Its interesting to look back on what was being discussed a year ago as the idea of truly low-cost wifi via the ESP8266 was only just taking hold. Nevetheless, as some of the original replies to this thread illustrate, a lot of people still have a hard time imagining how a home network could go beyond a typical microcontroller=client/microPC=host configuration. While OpenWRT/ATMEGA boards like the YUN might have been eclipsed by the ESP8266 as a cheaper/more popular wifi CLIENT, I still see the Bridge Library as a very relevant example of the where the IOT needs to evolve if we're ever going to move beyond the cluttered incompatible state of the present automation market.
    @akbooer- your network is a great example of how we can start to move out of the hub and spoke model! I like the graphic you posted too! Might I ask what you used to create it! I've been having a heck of a time simply finding graphing tools that would help me visualize a more distributed automation network. Mind Mapping tools can get me part of the way, but mind mapping is still inherently heirarchical. I need something more like context mapping, but these are much more difficult to find...



  • It's a force-directed graph, see https://en.m.wikipedia.org/wiki/Force-directed_graph_drawing

    Actually built into the UI that I'm using (AltUI by @amg0) as part of my controller ( openLuup, see Controllers page) and it also runs on a Vera controller.

    It's implemented in JavaScript in a browser.


  • Hardware Contributor

    @akbooer: very nice work you've done! I will look at it more carefully when I will be ready, as I am working on a new board. At first, I started to design it with esp, but I needed more features, and for same reason humblehacker mentioned , I moved to dragino/openwrt.. can't wait to finish it and test your great work 🙂



  • I remember when the Yun first came out, everybody seemed to be using the Raspberry Pi as a microcontroller through its GPIO pins... Now with the ESP8266, we have a device which was originally designed to function like an RF module with wifi capabilities, being pushed into a role it wasn't designed for. As a major advoc ate of affordability, I see much to love in the ESP8266... Yet I still can't shake the thought that the Linino-Yun approach still makes the most efficient use of a CPU and MPU together.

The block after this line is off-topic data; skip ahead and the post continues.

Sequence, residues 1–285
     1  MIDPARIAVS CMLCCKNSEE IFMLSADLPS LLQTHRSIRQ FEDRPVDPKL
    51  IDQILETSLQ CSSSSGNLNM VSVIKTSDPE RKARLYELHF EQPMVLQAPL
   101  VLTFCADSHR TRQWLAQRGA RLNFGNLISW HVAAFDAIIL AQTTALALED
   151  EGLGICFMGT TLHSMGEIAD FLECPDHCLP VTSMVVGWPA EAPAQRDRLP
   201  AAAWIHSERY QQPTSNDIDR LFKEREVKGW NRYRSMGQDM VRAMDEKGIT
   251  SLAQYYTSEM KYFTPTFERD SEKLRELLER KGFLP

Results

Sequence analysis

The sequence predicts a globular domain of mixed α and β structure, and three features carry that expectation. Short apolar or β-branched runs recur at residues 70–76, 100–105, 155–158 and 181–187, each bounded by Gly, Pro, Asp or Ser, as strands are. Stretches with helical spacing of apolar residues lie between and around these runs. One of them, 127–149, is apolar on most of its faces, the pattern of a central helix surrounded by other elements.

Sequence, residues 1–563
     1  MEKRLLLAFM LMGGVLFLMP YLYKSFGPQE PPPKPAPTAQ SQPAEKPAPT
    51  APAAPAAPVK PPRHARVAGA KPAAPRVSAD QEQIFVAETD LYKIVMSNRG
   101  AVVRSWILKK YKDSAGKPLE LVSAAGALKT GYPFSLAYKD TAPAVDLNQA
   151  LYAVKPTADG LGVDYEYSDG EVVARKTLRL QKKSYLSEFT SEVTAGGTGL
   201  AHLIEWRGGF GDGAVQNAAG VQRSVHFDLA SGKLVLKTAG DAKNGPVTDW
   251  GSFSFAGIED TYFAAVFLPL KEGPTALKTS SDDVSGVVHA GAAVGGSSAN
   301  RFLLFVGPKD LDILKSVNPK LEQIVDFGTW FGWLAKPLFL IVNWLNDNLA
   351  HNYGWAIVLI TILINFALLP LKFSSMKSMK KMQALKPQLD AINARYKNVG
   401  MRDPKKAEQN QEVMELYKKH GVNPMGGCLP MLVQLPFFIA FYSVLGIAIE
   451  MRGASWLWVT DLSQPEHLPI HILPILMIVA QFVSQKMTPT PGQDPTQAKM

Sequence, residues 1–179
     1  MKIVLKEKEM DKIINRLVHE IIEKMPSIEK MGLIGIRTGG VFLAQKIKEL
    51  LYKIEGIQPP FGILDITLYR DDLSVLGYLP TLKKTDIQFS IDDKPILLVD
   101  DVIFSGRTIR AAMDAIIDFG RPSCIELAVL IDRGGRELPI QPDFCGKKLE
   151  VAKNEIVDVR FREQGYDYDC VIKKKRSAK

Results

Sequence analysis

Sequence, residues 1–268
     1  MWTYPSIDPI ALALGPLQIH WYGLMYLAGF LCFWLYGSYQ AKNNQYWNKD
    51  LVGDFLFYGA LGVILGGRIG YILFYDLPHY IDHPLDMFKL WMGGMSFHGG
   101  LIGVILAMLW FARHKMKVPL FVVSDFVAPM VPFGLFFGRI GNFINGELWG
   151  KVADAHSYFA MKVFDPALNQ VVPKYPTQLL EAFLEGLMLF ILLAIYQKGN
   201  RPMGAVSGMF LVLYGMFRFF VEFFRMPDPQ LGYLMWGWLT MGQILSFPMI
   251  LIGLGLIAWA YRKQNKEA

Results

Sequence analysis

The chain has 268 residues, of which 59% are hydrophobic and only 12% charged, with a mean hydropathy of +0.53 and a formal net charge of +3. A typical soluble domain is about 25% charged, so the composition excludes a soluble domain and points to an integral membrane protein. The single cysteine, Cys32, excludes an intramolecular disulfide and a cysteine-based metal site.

If the ESP popularity has one important lesson however its that affordability can outweigh accessibility and capability. And unfortunately, at $70, its looking like the Yun is becoming the LEAST affordable IOT option... I wonder if there are more cost-effective means of deploying the Bridge Library and Linino/OpenWRT? The closest I have yet found are the Dragino HE Modules which at $21 each, are still pretty pricy for a bare surface mount component. My original idea was to make a custom Yun by mounting an HE Module with a Pro Micro. This would probably require a custom breakout design however. I did notice a new OpenWRT dev board called the WRTnode. While it also uses a MIPS CPU the WRTnode is based on an MTKMT7620N chipset instead of the AR9331... I wonder if Linino or the Bridge Library would run on this alternate chip?



  • @akbooer: I'm currently running the SerialGateway sketch on my Yun.

    Simply replace the Serial calls with Console, and add in the relevant includes at the top.

    Performance isn't stellar, but it's "good enough" for most use-cases. OTA firmware updates are quite slow - you could speed these up significantly by replacing the Yun Bridge with a PySerial bridge at 250kbps.



  • @pdey So what controller are you running on the OpenWRT processor, or are you just using this as a serial gateway?



  • @akbooer: Just using it as a Serial/Ethernet gateway.

    Though there's plenty of documentation available on getting node.js working on the Yun; which you could use to run up the sample node.js controller from MySensors.